CEO’s Blog – 20/06/2018

Ending Homelessness – is Everybody In?

There has been a lot of attention given to a report recently published by Crisis, which calls for an end to homelessness by 2027, so it may be worth The Bridge Trust giving our take on its content (full report found here:

Firstly, I am pleased that the report’s definition of “ending homelessness” is a pragmatic one, that The Bridge Trust fully supports:

“Ending homelessness doesn’t mean no-one will ever lose their home again. It means it rarely happens and there’s a quick solution when it does.”

 After all, if we gave every homeless person somewhere to live today, someone else would become homeless tomorrow.

 So, what do Crisis propose to achieve this?  Well they have launched a campaign called “Everybody In” and through this they are calling on the government to take some bold actions and having read through their manifesto, I can’t say that I would disagree with any of them and I think that what they have set-out could have a real chance in ending homelessness in our country.  However, there is one fundamental problem that I can’t see being overcome and this is, yes you guessed it – the cost.

Crisis have outlined 90 calls to action for Westminster to take (there are more for the devolved parliaments).  Crisis themselves say that just the most targeted policies in their plan will cost £19.3billion by 2041, not least of all by calling for 1.5 million new social houses to be built in the next 15 years.  There would be massive savings made in the long run, most obviously with prevention measures, but what government would fund such an initial outlay?

The reality today is that the government is set on a path of reducing funding for services across the board – not just homelessness services either, so call me a cynic but I can’t see the government doing a u-turn on that any time soon.  Yes, homelessness has moved up the political agenda in recent years and government is doing more, but what it is giving in one way, it is taking away in another.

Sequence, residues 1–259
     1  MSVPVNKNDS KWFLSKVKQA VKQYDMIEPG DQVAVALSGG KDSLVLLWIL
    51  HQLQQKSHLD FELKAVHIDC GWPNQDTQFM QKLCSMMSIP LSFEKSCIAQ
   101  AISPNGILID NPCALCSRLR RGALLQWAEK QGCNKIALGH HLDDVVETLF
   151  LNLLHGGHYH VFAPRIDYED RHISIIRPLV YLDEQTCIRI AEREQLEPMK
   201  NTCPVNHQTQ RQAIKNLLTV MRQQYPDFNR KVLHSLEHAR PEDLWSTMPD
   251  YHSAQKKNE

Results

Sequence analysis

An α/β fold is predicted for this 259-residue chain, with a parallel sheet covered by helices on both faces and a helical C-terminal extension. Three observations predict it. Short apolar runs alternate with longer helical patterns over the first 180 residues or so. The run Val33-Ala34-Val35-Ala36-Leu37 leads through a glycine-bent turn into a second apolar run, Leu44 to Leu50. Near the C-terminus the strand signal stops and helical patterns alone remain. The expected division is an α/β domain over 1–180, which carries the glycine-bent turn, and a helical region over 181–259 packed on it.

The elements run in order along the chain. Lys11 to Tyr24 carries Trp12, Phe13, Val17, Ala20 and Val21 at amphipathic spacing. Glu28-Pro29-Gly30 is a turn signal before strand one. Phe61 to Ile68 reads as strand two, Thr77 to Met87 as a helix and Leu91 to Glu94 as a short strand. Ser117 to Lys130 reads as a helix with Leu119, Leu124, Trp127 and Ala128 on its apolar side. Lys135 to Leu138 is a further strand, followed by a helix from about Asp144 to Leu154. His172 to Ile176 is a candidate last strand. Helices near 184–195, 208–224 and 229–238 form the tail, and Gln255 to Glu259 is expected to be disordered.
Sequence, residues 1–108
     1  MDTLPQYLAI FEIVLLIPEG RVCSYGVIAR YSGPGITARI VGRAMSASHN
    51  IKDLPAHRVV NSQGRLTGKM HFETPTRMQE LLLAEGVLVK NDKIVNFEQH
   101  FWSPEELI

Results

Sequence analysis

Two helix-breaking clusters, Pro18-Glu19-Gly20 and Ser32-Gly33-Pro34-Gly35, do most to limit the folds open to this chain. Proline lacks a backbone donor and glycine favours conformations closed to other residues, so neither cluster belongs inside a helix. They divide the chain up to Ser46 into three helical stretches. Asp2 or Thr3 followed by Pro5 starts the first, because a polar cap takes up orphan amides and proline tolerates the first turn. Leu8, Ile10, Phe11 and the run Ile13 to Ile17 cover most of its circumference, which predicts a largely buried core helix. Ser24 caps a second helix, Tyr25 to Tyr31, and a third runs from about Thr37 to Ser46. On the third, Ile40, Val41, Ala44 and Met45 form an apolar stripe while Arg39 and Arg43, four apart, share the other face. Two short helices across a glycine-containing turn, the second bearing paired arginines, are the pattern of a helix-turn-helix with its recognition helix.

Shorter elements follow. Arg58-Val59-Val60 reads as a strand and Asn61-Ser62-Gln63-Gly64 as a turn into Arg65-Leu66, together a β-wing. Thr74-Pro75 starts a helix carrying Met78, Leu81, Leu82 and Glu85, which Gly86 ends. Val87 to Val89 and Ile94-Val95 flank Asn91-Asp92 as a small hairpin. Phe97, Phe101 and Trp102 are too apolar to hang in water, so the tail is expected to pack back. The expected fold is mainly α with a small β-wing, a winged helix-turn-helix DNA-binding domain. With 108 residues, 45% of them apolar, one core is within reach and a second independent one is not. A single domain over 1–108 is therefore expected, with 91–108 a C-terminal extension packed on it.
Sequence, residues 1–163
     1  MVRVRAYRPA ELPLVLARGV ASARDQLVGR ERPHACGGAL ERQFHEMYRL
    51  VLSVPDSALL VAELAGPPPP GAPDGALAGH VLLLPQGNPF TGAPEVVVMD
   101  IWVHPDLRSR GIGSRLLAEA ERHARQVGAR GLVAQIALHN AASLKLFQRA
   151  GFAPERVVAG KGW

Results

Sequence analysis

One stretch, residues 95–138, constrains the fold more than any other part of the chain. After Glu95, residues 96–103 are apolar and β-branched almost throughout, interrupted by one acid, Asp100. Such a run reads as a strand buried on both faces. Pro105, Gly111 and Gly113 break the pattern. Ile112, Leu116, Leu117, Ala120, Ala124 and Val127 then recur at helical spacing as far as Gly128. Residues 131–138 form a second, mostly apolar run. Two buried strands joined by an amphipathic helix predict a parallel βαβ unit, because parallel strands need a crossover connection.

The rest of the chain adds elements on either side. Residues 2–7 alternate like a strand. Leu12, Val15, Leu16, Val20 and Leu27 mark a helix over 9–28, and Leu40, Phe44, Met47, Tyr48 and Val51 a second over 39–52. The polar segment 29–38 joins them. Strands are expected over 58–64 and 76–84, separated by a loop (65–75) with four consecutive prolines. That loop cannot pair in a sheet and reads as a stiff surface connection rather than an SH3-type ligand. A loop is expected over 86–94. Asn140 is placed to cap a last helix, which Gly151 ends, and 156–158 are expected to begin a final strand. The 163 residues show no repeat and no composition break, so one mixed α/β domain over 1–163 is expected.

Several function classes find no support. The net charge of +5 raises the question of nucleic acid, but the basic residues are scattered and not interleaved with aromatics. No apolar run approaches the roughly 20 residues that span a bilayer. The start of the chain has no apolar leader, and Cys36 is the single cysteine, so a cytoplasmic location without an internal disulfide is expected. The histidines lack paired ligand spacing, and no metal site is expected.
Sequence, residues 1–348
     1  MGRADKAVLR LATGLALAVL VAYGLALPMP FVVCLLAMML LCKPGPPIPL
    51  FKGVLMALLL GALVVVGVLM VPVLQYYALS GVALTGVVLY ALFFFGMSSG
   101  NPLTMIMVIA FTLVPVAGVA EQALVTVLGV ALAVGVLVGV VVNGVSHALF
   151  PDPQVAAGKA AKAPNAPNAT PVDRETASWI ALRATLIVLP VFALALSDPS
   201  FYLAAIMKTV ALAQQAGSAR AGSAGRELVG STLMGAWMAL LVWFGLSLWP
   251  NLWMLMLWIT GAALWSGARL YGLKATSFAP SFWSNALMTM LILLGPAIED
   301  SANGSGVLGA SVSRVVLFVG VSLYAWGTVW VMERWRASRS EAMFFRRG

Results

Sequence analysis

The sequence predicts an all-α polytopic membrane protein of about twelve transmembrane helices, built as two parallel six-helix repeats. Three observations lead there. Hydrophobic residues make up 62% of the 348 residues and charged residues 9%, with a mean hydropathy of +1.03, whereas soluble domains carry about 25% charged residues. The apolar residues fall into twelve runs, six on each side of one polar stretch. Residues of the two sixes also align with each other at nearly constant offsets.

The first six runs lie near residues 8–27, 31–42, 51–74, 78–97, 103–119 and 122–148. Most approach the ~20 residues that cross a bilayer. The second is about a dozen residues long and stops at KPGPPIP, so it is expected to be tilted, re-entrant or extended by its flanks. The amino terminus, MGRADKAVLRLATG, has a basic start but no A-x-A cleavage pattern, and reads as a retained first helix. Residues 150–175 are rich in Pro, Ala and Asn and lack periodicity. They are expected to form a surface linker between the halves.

In Kent, KCC have had their central government funding slashed and so are having to make radical changes to the shape of their own spending.  For the non-statutory services they commission like those of The Bridge Trust, they are cutting contract numbers from around 40 smaller ones to just one or two very large ones.  They are looking to save around 20% on the costs by doing this, and if this were applied to us it would pretty much put us out of business within 3 to 5 years (i.e until our reserves had gone).

One particular initiative that has been identified is the “Housing First” model of dealing with homelessness which places homeless people straight into accommodation with a package of intensive, open-ended support to keep them there; a model that has had some reported success and one the government is keen to promote.  However, the flaw is twofold – one, where is this housing going to come from and two, who will pay for the required support?  If The Bridge Trust were to convert our Supported Accommodation into Housing First accommodation then we would give 22 people a permanent home which is great.  But what then happens to the next 22 people?  There would be nowhere for them to go unless more housing is made available.  Also, there is still the issue of who pays for the often intensive and long-term support package required?

I realise how negative I come across here, but it could work if the funding that Crisis asks for is forthcoming and there lies the heart of the whole issue.  Central government needs a radical change in the way it looks at these things.  By cutting costs now, government looks good.  It lowers its borrowing and moves closer towards balancing the country’s books.  But at what ultimate cost to our society? 

Rough sleeping increasing year on year is a complete and utter scandal and this country should be hanging its head in shame.  We need to do more, much more and the government needs to think much longer-term and yes, across changes in government too.  Crisis urges this as well with a call for legislation that can’t simply be undone by consecutive governments – no matter what their political persuasion.

There is never going to be enough money to everything we want to do in our society but we need priorities that put people first.  Do I want money spent on e.g. the arts, culture, sport and so on?  Well yes I do, but not at the cost of leaving people on the streets; surely people come first.  There are things that the government needs to spend money on and then they should look at what they would like to spend money on.  That way they would make the people in need in our country, their priority.

I applaud and support the Crisis report and campaign but I won’t be holding my breath for anything to happen anytime soon.